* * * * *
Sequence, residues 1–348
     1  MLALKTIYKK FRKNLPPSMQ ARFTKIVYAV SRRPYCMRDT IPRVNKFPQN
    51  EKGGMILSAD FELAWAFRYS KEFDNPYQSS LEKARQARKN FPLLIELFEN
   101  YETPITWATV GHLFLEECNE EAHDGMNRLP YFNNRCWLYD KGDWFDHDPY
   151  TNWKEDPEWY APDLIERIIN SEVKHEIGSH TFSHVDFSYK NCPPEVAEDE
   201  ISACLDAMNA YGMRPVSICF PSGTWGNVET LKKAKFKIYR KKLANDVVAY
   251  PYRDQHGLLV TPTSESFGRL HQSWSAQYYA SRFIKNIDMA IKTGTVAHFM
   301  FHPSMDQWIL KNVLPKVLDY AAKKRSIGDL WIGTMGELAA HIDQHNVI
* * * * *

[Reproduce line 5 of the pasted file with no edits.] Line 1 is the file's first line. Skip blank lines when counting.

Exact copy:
   151  TNWKEDPEWY APDLIERIIN SEVKHEIGSH TFSHVDFSYK NCPPEVAEDE